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Treadmills: Unique Injury Risks and Safety Tips

Many people keep treadmills in their homes and use them as an alternative to a gym membership or as an expensive coat rack, depending on the level of their commitment to a regular exercise routine. But the accidental death this week of Mike Tyson's daughter Exodus Tyson has prompted a new focus on the unique injury hazards that treadmills pose in the home, especially for young children.

Every year, exercise equipment like treadmills, stationary bikes, and stair climbers cause about 8,700 injuries to children under the age of 5 years of age, and about 16,500 more injuries to children between the ages of 5 to 14 -- with fractures and amputations reported in about 20 percent of these incidents, according to figures from the U.S. Consumer Product Safety Commission (CPSC).

Now is a good time to review some of the unique safety hazards related to treadmills, and learn how to avoid treadmill-related accidents in the home.

Hand Injuries. For adults using treadmills, it's not always easy to pay attention to what's going on elsewhere in the room, especially if you're watching television or listening to headphones as you exercise. But it's important to keep track of young children at all times while you're on the treadmill, because kids can approach the machine from behind and put their hands on the moving belt, causing serious burn injuries, as the New York Times points out.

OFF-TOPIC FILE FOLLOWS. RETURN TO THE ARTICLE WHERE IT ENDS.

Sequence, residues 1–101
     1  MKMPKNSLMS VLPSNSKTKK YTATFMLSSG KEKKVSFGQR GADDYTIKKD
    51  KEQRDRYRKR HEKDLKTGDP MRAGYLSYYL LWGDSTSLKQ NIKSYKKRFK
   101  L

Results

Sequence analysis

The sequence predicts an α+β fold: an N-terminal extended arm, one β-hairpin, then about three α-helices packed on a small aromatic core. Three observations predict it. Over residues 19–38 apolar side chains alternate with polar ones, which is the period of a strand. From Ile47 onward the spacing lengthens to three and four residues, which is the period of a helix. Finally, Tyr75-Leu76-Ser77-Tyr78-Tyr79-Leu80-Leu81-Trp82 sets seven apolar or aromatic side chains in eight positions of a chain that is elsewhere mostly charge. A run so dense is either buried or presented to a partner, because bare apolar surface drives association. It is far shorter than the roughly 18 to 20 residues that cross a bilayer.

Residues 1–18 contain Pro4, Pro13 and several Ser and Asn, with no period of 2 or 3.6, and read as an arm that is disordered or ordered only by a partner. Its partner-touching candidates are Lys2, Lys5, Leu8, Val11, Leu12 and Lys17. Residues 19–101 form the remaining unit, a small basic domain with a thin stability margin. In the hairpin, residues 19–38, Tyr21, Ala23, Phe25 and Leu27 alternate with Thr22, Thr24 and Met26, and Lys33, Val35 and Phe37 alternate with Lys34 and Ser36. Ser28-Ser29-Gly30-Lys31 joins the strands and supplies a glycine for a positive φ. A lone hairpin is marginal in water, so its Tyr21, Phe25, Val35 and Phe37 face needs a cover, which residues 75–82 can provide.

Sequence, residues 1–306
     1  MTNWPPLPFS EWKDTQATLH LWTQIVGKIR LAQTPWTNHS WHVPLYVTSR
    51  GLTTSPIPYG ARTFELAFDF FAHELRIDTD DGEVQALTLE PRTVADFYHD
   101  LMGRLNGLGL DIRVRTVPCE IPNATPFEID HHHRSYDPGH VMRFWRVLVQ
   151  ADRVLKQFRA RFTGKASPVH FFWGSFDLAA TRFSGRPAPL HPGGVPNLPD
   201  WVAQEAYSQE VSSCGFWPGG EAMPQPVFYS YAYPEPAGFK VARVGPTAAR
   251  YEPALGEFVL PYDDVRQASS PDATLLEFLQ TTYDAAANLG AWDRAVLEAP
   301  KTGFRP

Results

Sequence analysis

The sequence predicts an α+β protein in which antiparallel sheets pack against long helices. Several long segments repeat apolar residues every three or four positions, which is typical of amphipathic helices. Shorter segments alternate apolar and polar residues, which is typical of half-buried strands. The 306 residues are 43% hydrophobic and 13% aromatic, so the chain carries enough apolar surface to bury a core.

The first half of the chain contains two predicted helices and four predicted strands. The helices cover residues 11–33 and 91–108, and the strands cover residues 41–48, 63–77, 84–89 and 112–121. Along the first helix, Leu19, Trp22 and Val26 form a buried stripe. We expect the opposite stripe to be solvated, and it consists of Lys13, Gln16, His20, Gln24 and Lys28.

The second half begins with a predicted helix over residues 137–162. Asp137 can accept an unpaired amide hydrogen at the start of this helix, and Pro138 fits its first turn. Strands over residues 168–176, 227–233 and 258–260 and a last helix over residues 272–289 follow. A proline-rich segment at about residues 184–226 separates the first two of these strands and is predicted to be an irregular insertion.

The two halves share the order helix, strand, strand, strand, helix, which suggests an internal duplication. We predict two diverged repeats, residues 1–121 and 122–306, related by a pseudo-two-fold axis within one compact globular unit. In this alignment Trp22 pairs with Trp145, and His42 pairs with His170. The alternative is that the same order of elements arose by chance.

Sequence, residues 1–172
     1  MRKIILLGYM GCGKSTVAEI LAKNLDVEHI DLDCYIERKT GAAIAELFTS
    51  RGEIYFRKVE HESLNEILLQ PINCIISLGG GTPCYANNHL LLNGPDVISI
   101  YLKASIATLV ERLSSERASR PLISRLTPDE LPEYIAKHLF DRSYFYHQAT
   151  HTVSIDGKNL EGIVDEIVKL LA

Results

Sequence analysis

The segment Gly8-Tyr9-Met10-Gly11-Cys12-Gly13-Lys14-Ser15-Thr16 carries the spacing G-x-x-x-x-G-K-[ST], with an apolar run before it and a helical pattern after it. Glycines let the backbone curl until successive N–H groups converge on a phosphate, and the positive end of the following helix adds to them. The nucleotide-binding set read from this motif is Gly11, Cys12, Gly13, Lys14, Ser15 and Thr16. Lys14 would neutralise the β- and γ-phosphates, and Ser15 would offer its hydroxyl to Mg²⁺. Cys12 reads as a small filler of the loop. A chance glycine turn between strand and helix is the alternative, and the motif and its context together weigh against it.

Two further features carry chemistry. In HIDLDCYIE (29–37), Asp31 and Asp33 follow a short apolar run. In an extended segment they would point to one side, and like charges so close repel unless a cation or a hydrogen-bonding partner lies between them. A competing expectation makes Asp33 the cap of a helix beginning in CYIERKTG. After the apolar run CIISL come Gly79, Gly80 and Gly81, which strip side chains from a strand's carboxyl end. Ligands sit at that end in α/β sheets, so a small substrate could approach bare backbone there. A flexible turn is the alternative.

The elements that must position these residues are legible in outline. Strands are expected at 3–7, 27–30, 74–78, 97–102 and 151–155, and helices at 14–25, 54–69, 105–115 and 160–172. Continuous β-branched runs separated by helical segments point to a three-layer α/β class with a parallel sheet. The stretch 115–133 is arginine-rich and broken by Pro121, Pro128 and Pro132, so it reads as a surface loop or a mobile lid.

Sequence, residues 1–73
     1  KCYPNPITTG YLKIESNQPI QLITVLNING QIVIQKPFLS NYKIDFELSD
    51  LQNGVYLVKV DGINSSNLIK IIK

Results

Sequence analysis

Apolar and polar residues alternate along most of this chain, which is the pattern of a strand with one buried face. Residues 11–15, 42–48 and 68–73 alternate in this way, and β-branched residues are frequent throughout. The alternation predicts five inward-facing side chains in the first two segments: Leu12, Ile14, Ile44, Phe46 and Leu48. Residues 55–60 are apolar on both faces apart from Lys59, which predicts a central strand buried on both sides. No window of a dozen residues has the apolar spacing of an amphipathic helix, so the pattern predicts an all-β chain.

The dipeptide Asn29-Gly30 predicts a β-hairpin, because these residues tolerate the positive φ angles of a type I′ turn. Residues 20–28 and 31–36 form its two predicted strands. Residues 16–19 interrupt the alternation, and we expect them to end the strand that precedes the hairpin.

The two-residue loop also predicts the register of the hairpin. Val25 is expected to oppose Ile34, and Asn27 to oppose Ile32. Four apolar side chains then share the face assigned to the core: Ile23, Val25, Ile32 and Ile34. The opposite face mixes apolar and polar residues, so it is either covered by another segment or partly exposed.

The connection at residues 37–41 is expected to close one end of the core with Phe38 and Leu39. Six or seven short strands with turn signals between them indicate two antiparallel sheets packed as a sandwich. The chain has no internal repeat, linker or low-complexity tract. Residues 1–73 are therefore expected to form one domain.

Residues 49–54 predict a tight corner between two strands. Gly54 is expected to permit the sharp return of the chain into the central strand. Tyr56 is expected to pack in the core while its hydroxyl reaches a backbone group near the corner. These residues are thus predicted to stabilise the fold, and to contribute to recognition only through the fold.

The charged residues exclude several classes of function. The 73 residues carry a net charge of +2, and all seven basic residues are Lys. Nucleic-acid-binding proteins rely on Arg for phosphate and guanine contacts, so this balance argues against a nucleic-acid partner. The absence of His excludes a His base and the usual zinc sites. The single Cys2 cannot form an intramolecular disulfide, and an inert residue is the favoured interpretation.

Falls. For adults and kids who are old enough to use treadmills responsibly, it's a good idea to start a treadmill on the lowest speed setting possible and then increase the rate gradually, to avoid falling. And when you're done exercising, lower the speed of the belt gradually and step carefully to the non-moving platforms at the side of the machine. 

There have been a few high-profile treadmill recalls in recent years, involving defects that increase the risk that users may fall while using the machines. A 2008 recall of Cybex treadmills and a 2005 recall of Sportcraft treadmills (among others) were prompted by problems that caused the machines to accelerate suddenly, increasing the risk that treadmill users would fall and suffer an injury. So it's a good idea to keep track of the latest Sports and Recreation-Related Recalls

Choking. Earlier this week, 4-year-old Exodus Tyson was found hanging from a cord that had been dangling from the console of a treadmill at the Tysons' Arizona home, according to ABC News. This sounds like a freak accident that's certainly not unique to treadmills (especially if the machine wasn't on), but it's always a good idea to secure all power cords and other ropes and that dangle off of exercise equipment, especially if both ends are attached and can create a hanging or choking hazard. Learn more: Tips to Keep Your Kids Safe from Exercise Equipment and Cords, from the Baltimore Sun.  

Learn more about preventing injuries from exercise equipment, recent recalls, and legal issues related to dangerous products: